How to deal with financial worry

How to deal with financial worry

May is Mental Health Awareness Month, and unsurprisingly, there is a strong correlation between
finances and anxiety. A recent Bankrate survey revealed that 52 percent of Americans name money as
the top factor negatively impacting their mental health. Given the recent increases in inflation and
interest rates, it’s understandable that money has become the primary source of stress for Americans.
If concerns about money are impacting your well-being, here are three steps to move towards financial

  1. Consider the big picture and focus on your why. Dwelling on the details without an overall
    plan can create additional anxiety. Zooming out and remembering why you are being purposeful
    with your money will help provide perspective when stress rises. Even budgeting works better
    when considered as a part of a larger picture tied to your why, as we’ve written previously.
    Consider setting time aside to discern what you are truly hoping for in life so that you can live in
    the present with more peace.
  2. Determine what you can control and focus your action around one habit. Pick one habit
    that could improve your financial situation and focus your energy there. Perhaps this could be
    waiting 24 hours before making any purchases over a certain threshold or reviewing your
    budget once a week. Atomic Habits author James Clear says, “Habits are the compound
    interest of self-improvement. The same way money multiplies through compound interest, the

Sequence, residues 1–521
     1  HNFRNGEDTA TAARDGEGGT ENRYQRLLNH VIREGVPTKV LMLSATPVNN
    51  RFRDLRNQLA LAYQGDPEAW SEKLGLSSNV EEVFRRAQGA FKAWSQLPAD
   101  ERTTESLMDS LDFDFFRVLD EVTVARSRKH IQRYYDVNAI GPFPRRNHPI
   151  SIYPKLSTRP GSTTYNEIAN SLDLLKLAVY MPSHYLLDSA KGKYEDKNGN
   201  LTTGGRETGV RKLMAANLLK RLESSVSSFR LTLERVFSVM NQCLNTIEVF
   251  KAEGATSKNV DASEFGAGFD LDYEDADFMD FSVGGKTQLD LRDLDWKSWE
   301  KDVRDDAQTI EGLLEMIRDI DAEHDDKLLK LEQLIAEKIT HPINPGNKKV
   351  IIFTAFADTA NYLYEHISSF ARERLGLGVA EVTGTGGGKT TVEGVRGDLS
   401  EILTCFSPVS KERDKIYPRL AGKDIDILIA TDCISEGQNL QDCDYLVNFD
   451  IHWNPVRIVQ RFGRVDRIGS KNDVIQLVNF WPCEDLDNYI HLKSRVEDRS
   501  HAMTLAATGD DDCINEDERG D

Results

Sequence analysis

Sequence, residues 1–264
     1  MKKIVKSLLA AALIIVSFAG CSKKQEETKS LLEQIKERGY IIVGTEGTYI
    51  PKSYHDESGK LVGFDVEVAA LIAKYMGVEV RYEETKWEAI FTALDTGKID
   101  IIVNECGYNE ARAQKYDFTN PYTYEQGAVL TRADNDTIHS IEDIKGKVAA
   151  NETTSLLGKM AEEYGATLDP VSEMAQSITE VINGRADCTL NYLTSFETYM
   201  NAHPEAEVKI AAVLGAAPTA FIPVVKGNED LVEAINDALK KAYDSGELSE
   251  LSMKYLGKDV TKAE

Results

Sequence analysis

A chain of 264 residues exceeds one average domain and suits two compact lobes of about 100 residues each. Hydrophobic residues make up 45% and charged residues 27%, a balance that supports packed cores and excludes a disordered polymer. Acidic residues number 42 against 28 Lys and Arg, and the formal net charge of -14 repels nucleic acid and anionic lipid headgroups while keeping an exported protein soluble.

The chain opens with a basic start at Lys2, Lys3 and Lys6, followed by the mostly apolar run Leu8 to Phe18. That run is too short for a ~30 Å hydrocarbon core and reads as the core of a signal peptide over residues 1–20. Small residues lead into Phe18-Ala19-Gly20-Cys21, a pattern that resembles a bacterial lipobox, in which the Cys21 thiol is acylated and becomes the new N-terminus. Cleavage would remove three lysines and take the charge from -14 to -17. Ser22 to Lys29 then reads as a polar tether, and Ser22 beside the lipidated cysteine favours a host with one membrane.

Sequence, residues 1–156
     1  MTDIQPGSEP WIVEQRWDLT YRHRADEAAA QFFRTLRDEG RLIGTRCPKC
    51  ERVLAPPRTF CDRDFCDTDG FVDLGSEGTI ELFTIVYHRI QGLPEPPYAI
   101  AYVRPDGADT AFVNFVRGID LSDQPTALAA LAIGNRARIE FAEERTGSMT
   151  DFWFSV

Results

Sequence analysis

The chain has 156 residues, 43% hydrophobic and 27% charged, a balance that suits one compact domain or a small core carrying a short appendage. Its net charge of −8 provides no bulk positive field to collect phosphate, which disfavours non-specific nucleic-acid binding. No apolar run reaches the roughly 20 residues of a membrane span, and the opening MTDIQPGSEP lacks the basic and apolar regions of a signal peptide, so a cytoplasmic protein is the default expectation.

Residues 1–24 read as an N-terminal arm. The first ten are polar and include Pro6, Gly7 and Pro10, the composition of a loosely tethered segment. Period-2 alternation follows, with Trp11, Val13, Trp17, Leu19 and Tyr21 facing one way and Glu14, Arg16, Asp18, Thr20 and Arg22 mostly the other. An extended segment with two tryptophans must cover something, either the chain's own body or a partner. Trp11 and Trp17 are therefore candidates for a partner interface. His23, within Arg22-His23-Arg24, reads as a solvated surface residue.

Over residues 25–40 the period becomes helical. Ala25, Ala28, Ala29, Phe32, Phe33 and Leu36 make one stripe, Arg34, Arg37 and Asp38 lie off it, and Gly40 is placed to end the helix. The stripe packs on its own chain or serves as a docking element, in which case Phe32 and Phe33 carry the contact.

effects of your habits multiply as you repeat them.” Clear further illustrates this point, “if you can
    get just 1 percent better each day, you’ll end up with results that are nearly 37 times better after
    one year.” That’s a great return on investment!
  3. Engage professionals. Human beings are wired for connection, and processing your situation
    with a professional will help decrease anxiety and create forward momentum. Talk to one of our
    wealth planners about your goals
    , or use NAPFA Find an Advisor to find a financial planner.
    Additionally, the National Institute of Mental Health provides helpful guidance regarding caring
    for your Mental Health and insight regarding when to seek professional help. If symptoms such
    as difficulty sleeping or an inability to complete usual tasks have been impacting you for over
    two weeks, it’s time to contact a primary care doctor or related professional.

It’s unrealistic to expect that we never worry, but when we do, returning our hearts to gratitude and
giving our worries over to God is an evergreen path to financial peace. Philippians provides a helpful
reminder to channel our anxieties into prayer: “Do not be anxious about anything, but in every situation,
by prayer and petition, with thanksgiving, present your requests to God. And the peace of God, which
transcends all understanding, will guard your hearts and your minds in Christ Jesus” (Philippians 4:6-7

Finances don’t have to be so stressful. If you’re feeling unclear or overwhelmed about your financial
situation, we would love to help. Move towards financial peace of mind and connect with us for a
personalized plan today.

P.S. – Sound Stewardship’s May webinar is hosted by Dr. Kristy Archuleta:

Managing Financial Anxiety & Stress
May 23rd, at Noon (Central) via Zoom
Join us to go even deeper into this topic! Register here >>>

Kristin Schroeder is passionate about empowering individuals through financial literacy. She has supported clients in multiple capacities within the financial services industry, including a period running her own firm. She holds a Graduate Certificate in Personal Financial Planning from Kansas State University, alongside her degree in Business, studying finance at The University of Kansas.

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